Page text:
When we were introduced to Charlotte, he was more or less setting up Emma as an ice princess, as someone unattainable (more on this later). Emma was the manipulator and instigator, not a bystander or victim. When Ron wound up cohabiting with Charlotte (Ron makes sure to let us know that it’s her doing), it began as a drinking relationship. Due to her efforts, however, he does eventually enjoys her physical charms. His relationship with Charlotte, and its placement in the novel, makes for a fuzzy timeline as to what his precise status with Emma is. That’s a bit of good writing, I think. Random details are a setup, resurfacing later to give the lie to Ron’s story.

The story is structured to show two things: 1) that Ron hates himself, unwilling to invest of himself in order to better avoid being hurt,  and 2) that Ron cannot understand that Emma might need to work things out, independent of where they are in the relationship. To be fair, a lot of this book can be interpreted as either men not understanding women or as a cynical, male commentary on relationships. I see it as something more simple; Ron is self-absorbed, he requires of others that which does not himself offer. He does not want the doubt, the possibility that Emma has her own mind and may in fact choose a life without Ron. It isn’t that she would, but that there is the possibility. He refuses to accept that Emma is not simply a lover, but is an actual autonomous being.

Throughout the novel, Currie name checks Vernor Vinge and the Singularity. I don’t know what the reader’s background is, but it’s a simple take-home idea. At some point, the density of computing power will become so high, and so connected, that it may be able to contain and allow  for alien, superhuman intelligence to arise. Alien because its motives will be distinctly non-human understandable. This intelligence might be some mutated form of simple or weak “artificial intelligence” bots, to engineered, pseudo-intelligent decision-making algorithms. Regardless, it is possible that these programs may behave in a manner that feedbacks positively upon itself, and because of the speed of computational cycles, the generation time is much shortened and algorithmic evolution will be exponential.

True AI will arise, and we won’t know it nor can we stop it: it will process much faster than the human brain can. There are all sorts of attendant mythologies related to what happens when such super intelligences arise, but it is possible that humans will be 1) be unaware, left behind and wither away, or 2) be killed in some machine-engineered apocalypse. Regardless, we will not understand it, because the intelligence is hyper-intelligent and/or alien. There is a line of sci-fi writing that talks of humans transcending, a rapture of the nerds*, if you will, where humans will be able to engage the alien/artificial intelligence by uploading their thoughts into the computational network.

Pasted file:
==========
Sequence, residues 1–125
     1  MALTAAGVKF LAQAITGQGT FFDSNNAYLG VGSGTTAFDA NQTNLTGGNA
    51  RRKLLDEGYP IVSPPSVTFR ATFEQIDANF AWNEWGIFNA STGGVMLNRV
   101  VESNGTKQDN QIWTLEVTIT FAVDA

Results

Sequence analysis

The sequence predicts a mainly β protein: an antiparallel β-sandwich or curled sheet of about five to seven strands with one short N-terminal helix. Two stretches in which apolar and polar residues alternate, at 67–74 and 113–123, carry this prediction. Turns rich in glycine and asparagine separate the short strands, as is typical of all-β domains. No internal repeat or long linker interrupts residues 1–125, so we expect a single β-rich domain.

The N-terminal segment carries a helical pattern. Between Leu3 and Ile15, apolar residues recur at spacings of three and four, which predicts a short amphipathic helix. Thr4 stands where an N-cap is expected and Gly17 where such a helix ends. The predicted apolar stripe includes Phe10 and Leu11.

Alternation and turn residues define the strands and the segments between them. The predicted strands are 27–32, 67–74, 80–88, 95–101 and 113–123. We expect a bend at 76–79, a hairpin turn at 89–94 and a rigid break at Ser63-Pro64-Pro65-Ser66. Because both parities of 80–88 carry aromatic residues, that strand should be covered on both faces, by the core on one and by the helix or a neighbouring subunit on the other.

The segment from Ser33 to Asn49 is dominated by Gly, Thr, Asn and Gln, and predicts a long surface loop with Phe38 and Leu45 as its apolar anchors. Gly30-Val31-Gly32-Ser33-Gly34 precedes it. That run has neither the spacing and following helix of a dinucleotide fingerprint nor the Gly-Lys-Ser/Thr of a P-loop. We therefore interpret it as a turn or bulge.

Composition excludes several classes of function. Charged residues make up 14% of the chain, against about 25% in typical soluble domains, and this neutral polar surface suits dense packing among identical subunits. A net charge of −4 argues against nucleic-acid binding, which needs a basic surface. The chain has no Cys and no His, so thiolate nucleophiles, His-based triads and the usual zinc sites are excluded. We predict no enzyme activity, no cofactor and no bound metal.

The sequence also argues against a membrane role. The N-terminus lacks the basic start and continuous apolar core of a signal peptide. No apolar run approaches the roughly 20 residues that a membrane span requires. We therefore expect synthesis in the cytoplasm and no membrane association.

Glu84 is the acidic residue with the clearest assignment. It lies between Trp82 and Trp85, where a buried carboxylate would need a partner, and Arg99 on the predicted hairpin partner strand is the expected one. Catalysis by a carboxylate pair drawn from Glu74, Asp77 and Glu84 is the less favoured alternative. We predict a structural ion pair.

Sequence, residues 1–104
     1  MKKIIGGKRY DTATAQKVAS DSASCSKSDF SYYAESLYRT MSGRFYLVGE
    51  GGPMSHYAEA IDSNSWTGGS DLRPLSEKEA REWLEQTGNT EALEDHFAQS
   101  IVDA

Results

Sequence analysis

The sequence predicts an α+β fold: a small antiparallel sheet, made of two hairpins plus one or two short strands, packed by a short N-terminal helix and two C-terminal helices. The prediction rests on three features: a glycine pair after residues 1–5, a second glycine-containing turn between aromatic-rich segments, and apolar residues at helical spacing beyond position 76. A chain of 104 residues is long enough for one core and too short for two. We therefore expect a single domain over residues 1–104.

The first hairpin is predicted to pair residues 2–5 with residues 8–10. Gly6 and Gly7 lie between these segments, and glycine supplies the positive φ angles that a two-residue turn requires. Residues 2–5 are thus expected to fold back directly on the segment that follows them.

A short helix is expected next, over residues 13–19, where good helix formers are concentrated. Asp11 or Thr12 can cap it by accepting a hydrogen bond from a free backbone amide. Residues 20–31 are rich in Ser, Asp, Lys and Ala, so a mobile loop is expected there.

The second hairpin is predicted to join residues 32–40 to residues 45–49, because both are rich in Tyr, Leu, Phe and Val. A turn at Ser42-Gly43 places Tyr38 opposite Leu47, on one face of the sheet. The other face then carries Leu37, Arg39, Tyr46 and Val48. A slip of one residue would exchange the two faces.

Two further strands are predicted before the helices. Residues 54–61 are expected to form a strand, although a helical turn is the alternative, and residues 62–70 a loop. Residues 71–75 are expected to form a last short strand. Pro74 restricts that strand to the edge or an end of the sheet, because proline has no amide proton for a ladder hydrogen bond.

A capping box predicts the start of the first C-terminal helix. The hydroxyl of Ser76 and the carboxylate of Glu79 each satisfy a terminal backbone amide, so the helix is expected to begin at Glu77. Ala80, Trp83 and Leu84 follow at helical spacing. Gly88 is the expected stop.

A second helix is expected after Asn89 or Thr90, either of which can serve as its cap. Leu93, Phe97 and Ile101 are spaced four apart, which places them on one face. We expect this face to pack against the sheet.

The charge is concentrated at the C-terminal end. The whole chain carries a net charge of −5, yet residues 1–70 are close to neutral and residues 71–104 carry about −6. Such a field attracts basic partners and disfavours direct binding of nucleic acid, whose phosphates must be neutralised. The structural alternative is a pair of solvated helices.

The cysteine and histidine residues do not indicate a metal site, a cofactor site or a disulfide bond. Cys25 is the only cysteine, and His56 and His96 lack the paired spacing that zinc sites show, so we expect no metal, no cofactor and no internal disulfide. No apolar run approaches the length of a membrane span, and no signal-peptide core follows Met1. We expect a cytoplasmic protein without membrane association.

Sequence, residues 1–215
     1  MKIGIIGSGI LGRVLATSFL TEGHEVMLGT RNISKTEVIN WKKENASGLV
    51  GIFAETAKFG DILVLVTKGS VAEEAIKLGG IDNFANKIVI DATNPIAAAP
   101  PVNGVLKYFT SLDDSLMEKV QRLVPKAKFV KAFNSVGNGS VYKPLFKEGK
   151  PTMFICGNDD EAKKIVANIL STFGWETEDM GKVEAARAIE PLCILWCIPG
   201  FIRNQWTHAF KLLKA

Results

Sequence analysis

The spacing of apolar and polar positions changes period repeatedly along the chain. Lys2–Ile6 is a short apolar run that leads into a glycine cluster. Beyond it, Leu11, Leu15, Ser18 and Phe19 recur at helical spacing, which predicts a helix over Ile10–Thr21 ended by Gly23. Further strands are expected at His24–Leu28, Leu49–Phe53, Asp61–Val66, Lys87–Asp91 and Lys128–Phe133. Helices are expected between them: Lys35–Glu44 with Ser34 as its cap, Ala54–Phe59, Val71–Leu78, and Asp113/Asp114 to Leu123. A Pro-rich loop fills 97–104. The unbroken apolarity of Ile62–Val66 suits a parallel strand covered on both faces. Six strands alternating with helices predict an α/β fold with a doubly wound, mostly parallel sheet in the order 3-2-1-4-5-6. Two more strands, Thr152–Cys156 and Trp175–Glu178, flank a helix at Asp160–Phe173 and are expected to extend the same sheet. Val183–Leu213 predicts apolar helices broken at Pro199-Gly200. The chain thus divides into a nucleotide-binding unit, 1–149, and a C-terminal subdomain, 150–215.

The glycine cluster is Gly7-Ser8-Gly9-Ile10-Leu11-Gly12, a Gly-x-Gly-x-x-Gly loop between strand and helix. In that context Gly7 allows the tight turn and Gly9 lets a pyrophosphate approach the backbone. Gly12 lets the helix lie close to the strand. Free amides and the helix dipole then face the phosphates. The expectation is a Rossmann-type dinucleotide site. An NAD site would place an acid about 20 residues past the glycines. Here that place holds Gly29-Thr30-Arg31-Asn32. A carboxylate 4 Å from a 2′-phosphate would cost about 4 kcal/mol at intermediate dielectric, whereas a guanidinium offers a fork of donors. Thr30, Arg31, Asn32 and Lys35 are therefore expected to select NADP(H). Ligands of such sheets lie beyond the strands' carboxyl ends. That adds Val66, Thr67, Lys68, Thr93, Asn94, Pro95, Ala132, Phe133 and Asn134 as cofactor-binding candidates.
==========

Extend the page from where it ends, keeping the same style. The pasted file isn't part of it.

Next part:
*Charlie Stross has written much about the silliness of the Singularity being a happy event for humans, let alone actually occurring. Stross can’t help but notice and poke at the undertone of the uploading into a mind-hive is actually quite similar to the mythology of a Christian Rapture. See Stross’s blog, here and here.

This is a long way to go to say, that, in the face of such potentially catastrophe for humans, Ron (and Currie, the author), invokes the Singularity as a way for humans to upload into the ether, instantiate as a part of the collective mind, and be able to offer its human life for computational forensics. Perhaps as a case for why humans were superceded by a superior intelligence form. In other words, the dream of Ron may be to be able to consider his relationship with Emma, such as it as, in perpetuity, by his uploaded mind or by the other aspects of the AI. It is a solipsist heaven.

That’s really also the novel’s main motif, I think. Ron is wrapped up with his thoughts and interpretation of events. Sure, perhaps Emma doesn’t help matters when she does also have an emotional distance. In fact, one might argue that she is the female Ron. She too cannot engage on a deep emotional level with Ron, perhaps because she is strongly independent. But I am unsure if we can blame that, as it might be that she realizes Ron isn’t the most reliable type.

This is the weird thing: what level of relationship does Ron need? At some point, it isn’t about the woman, but about Ron. It is his actions, his feelings, his hang-ups, his depression, his alcoholism that interferes with Emma. In the end, she does come to him. They spend time on the island. They are intimate. But he turfs it all, as if he can’t stand the “happily ever after” part, which he knows isn’t simple. He knows that work makes relationships work, not the romance and drama. His is unable to live in this moment, since he knows that the next bit of drama, the next moment, will be a break-up. That’s really the only next movie scene available. He sure as hell can’t enjoy paradise in the arms of a hot woman, forever. I can see it as a pre-emptive strike. Or it could just be his inability to deal. Either way, that’s the bit of ambiguity left for us to mull over; the fact is, motive almost doesn’t matter. He messes up the happy ending.

It’s the usual novel of the human condition, but it’s a really fun read. There’s a great courtroom scene (you didn’t think that faking one’s own death would be painless?) Reading this trial, I can’t help agreeing with Currie that events would unfold precisely in this manner. He also gives a resounding defense of the need for fiction in society; it’s a painless way to engender empathy. It might not sound like it’d fit, but it does.  The magic of the novel is that, although it is funny and dark, Currie treats each separately. It’s not a confused smear; it is comic and deep in equal measure, dosed out at the proper times. Something that Ron can learn from.

 

%d bloggers like this: